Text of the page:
The loud and consistent beeping of my alarm clock wakes me up from my peaceful slumber. This is it, today's the day, the day my fate is decided. I'm finally going to find out what type of Acolyte I'm going to be!
I quickly shut off my alarm, putting a stop to the obnoxious and loud beeping sound, and I quickly start getting ready for the day. My first stop is the bathroom, where I check myself out in the mirror, brushing down my messy brown hair and then just looking at my reflection. My skin is a fair white, my eyes are honey gold, and I unfortunately don't have any muscles, but I still think I'm decent looking enough. I smile at myself and then brush my teeth, change into my white, button up, short sleeve shirt and black pants; my incomplete school uniform, and then rush downstairs to have breakfast with my mom and dad.
"Well, isn't someone hyper today?" My mother giggles as she sets down a plate of french toast in front of me and another with bacon and eggs.
"Can you blame the boy? Not only was he accepted into the one and only acolyte school, but today's also the day we find out what kind of Acolyte our boy's going to be. Of course he's excited." My father chuckles.
"Heck yeah! What do you both think I'll be? A Fire Acolyte? Maybe a Laser Acolyte? Heck, I'd even be happy if I was a Force Acolyte!" I grin.
My mom gently karate chops the top of my head from behind. "I think you're gonna eat your breakfast before it goes cold."
I giggle nervously. "Y-Yes ma'am." I quickly scarf my breakfast down and check the time. "Bus is gonna be here soon, I gotta go!" I hop up and quickly wash my dishes.
"Are you sure you don't want us to just take you to the school?" My dad asks.
"No no it's fine, you've both already done enough." I smile at them both. "I know you both have work soon, so I'll take the bus. Besides, it's a chance for me to make some friends early on!"
They both smile at me and my mother nods her head. "Well alright then. We love you, Genta, and good luck."
"Thanks!" I quickly run out the door and rush toward the bus stop. I make quick friends with the other people waiting at the bus stop, chatting with them about a variety of things as we get on the bus, but mostly about our acolyte exams. This feels like the longest bus ride of my entire life despite the fact that it's only 30 minutes long. Once we arrive at the school, every student quickly rushes off the bus, sits anxiously through orientation, and then it begins: the acolyte exam.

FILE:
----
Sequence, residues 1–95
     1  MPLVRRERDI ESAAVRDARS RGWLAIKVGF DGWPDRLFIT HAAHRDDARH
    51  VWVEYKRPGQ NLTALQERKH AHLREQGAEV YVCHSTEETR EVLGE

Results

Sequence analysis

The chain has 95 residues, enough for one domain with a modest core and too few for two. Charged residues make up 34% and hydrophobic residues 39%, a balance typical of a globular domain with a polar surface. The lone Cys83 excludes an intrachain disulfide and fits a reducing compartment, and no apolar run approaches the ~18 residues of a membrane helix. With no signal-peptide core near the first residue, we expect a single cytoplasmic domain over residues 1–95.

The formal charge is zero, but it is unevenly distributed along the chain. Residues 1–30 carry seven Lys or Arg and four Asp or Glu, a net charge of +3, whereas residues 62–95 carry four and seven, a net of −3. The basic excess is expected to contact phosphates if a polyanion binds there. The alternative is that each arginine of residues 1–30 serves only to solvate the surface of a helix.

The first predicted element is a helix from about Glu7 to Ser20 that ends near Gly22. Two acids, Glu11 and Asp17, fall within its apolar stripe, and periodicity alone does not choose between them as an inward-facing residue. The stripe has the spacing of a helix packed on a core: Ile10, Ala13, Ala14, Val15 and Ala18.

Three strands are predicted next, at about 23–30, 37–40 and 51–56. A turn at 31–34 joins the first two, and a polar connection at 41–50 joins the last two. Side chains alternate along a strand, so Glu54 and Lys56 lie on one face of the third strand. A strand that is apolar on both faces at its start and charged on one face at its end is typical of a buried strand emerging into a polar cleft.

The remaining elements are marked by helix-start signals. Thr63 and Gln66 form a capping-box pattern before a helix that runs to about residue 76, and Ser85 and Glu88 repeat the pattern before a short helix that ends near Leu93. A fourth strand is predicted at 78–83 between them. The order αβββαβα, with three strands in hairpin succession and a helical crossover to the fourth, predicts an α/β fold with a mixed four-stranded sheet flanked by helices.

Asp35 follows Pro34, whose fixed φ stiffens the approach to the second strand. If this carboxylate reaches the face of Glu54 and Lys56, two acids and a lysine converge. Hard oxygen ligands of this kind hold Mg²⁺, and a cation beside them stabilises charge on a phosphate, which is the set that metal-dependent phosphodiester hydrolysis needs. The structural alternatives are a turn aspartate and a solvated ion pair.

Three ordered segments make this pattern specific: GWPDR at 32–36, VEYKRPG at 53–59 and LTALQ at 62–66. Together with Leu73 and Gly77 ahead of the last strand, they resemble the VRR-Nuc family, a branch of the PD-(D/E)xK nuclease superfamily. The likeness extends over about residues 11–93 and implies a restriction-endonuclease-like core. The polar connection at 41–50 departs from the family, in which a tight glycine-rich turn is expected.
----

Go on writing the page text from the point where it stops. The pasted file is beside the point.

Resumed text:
The teachers line up all 500 new students in 26 consecutive lines based on the first letters of our last names. The wait here feels even longer than the 30 minute bus ride, but soon enough, my turn finally arrives. The examiner tells me to stand on a odd, cube shaped device, and I do so. The device then scans me up and down, and I don't budge an inch, even after I'm done being scanned. I patiently await the results of my test, my nerves slowly building and getting worse and worst. And then, the examiner tells me the results. "Well, it looks like you're a booster kid."
My eyes widen, and everything I've been feeling up until this point flies off in the wind. Those three words that I was so anxious to hear, those three words that I didn't want to speak of or even hear to possibly boost my chances and ease my nerves, and those three words that are now going to make my life a living hell: "You're a booster." The examiner hands me a white blazer and a pair of white pants; now completing my school uniform, and he gives me a smile full of pity. "Good luck kiddo."
I don't respond and hesitantly take the uniform. I'm afraid to even put it on, but I don't have a choice. The rest of the school day is absolute hell and painfully slow as I go through seven different classes and lunch. The friends I made on the bus, well, let's just say they're not my friends anymore. When I get home, Mom and Dad are waiting inside, the sad looks on their faces telling me they already heard the news. "Genta..." My mother frowns.
"It's alright Genta, we can get you transferred out of that school asap. It's only the first day of school, so it won't be too much trouble." My dad says quickly.
"No! No..." I respond just as quickly. "It's okay, really... We knew the possibility of me being a booster when we signed up for this school, and you've both worked too hard for me to just drop out because of it. Even if I am a booster, the opportunities for going to this school are far too high for me to just drop out simply because I'm a booster." I smile sadly. "It'll be tough, but I'll survive. Don't make things harder for yourselves just because I'm a booster."
"That's our job as your parents Genta..." My mom frowns.
"Then it's my job to lighten that load as much as possible." I give them the same bright grin I always wear. "I promise, everything is going to be fine. I'll be in my room until dinner!" I quickly dash up the stairs and run into my room, closing the door behind me. The second I'm in my room, my smile fades. I take the white blazer I'm wearing and throw it onto my bed with all the rage I can muster. Afterward, I collapse onto my knees, pressing my forehead against my carpet floor and I silently begin to shake and sob.
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